Valuing What We Do Best

March 1, 2009

Why does anyone join a professional association? The short answer is that people value the connections that the association provides. These connections take many forms from information conveyed in a trade journal to presentations at conferences. But the most valuable connections are those one-to-one relationships that you form with others working in your field. These connections translate into economic value for you and your business.

IECA’s wealth and strength resides in its members and its Chapters. Many of us came to IECA for information and found information in abundance though technical courses and conference trade shows. Most importantly, networking with other IECA members who face similar situations helps us put our technical knowledge into a context for action. This is why we continue to be members of the association. The members of IECA who share their knowledge and experience with fellow professionals are the wealth of IECA. Chapters that develop opportunities for these discussions and nurture professional relationships are the strength of IECA.

Fostering these networks is the key role that IECA plays in accomplishing the mission of helping us solve the problems caused by erosion. In the coming years, the need for local and regional networks through Chapters will become vital. Faced with shrinking budgets, IECA members will need options that provide them with high-quality training and networking opportunities in their local areas and regions. And, as our work becomes increasingly governed by state, local, and regional erosion and sediment control regulations, we need to train and network at the local level.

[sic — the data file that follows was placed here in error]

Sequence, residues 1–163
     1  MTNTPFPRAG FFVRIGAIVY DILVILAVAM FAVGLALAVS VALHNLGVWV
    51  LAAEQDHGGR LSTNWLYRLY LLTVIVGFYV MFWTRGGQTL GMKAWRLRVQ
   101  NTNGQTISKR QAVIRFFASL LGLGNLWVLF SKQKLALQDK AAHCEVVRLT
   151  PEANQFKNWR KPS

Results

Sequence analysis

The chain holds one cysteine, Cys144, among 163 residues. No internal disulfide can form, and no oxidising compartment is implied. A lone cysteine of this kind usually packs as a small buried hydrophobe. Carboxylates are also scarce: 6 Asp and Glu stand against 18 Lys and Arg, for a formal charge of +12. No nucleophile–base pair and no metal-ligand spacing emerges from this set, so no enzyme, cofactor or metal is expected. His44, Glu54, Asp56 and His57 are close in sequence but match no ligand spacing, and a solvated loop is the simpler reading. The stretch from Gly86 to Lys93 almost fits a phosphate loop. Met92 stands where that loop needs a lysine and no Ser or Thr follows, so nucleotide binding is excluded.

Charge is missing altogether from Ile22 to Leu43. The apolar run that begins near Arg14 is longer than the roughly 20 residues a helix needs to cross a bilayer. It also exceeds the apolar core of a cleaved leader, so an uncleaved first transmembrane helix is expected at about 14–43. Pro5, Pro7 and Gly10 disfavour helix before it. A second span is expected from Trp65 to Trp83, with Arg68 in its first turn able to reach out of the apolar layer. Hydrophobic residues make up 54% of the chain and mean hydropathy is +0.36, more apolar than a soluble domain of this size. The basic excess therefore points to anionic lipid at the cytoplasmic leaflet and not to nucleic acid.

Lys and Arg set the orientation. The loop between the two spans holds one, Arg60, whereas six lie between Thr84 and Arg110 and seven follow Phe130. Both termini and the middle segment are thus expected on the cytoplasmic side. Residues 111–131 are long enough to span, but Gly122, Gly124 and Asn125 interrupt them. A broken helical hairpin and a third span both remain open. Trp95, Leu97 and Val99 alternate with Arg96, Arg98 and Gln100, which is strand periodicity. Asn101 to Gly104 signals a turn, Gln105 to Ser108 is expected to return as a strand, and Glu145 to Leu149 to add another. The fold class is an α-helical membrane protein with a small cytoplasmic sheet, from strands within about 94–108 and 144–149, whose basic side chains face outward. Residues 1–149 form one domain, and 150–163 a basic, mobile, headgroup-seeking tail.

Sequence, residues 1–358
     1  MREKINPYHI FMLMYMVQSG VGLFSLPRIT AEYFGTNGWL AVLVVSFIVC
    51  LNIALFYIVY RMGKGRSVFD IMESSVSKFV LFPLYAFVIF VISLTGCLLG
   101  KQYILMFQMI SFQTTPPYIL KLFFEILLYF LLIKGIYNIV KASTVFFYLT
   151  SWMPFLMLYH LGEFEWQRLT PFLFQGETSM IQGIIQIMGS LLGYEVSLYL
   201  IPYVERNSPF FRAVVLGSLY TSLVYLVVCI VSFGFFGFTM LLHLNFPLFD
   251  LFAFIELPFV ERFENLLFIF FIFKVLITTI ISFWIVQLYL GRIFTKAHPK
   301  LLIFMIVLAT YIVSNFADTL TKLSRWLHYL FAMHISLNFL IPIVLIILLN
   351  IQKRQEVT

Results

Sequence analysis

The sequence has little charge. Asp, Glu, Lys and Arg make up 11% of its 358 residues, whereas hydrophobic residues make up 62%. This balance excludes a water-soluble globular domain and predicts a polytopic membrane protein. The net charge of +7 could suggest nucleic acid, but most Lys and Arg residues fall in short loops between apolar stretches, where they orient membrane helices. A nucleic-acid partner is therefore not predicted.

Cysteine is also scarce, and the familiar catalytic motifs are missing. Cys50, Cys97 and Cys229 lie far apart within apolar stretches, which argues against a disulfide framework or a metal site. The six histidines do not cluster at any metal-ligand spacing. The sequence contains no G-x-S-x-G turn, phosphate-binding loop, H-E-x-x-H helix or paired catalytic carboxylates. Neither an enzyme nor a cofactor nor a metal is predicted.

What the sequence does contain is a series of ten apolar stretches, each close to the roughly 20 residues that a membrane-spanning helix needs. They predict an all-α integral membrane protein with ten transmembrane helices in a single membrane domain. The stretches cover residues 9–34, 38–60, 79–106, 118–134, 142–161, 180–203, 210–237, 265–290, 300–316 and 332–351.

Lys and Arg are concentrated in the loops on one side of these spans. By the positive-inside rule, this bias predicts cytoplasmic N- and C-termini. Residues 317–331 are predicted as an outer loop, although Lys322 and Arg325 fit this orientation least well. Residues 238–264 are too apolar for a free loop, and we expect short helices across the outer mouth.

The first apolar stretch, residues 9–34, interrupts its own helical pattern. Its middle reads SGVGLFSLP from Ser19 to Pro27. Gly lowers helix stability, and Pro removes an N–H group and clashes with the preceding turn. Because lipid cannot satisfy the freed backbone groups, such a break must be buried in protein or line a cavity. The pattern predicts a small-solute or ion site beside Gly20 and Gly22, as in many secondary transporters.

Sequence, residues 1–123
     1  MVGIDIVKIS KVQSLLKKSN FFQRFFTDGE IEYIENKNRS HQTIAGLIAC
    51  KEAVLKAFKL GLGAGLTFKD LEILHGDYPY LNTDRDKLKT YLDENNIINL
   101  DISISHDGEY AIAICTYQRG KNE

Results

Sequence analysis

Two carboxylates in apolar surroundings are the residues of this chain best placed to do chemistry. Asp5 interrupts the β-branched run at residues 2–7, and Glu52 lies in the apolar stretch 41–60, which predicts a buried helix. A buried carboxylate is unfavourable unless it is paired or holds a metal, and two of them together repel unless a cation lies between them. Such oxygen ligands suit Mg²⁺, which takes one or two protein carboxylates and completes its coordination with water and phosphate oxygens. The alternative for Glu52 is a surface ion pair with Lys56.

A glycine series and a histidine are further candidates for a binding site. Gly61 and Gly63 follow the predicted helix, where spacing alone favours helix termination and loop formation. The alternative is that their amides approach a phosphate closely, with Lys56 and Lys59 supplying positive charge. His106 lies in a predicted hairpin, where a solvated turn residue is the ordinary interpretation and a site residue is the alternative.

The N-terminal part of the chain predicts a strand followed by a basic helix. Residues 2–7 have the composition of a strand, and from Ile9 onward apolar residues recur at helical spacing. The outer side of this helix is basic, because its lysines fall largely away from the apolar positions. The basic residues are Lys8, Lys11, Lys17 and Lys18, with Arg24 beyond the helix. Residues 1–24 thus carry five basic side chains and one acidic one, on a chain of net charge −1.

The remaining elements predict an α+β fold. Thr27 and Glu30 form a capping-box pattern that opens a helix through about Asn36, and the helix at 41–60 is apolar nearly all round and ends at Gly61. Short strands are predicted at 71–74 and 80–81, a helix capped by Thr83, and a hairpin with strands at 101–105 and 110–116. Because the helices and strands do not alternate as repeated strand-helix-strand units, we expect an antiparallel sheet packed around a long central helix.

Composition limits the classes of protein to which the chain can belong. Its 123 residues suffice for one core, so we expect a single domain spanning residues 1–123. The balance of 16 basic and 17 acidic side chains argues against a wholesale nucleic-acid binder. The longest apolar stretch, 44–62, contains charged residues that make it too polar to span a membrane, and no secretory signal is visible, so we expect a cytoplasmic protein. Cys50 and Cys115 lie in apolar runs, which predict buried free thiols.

As IECA grows and undertakes new initiatives, it is important to remain grounded in the wealth and strength of the member networks and Chapters. At the writing of this message, there were eight local or regional opportunities for Chapter members throughout the northern US and Australia posted on the IECA events page. These events include Chapter conferences, contractor seminars, field days, and certification workshops. Be sure to check out the agenda of these Chapter events-they put local experts, local regulators, and local professionals in the same room, or on the same project site, so you can learn close to home. At these events you can:

  • Meet the regulator who oversees compliance for your projects
  • Find a contractor that can provide a specialized service
  • Dine with a potential client that needs to create a restoration plan
  • Talk with a bright professional who is looking for a new employment opportunity

The next several years will test us, and we must be more efficient with the resources we allocate to our training and professional development. New regulatory initiatives and our improved understanding about watersheds and the effects of erosion, sedimentation, and hydromodification require a broad understanding of erosion, sediment control, and stormwater management principles and techniques.

For all of these reasons, I am delighted to accept the appointment as a Director on IECA’s Board. I see this as an opportunity to help foster a strategic direction that focuses on the members and Chapters. There have been great efforts to do this in the past, and these efforts will continue to improve. IECA needs to continue the development and creation of tools and programs that will assist members and Chapters with their professional and organizational needs. We need to Think Globally and Train Locally. In so doing, IECA will continue to be the foremost member organization for erosion and sediment control professionals.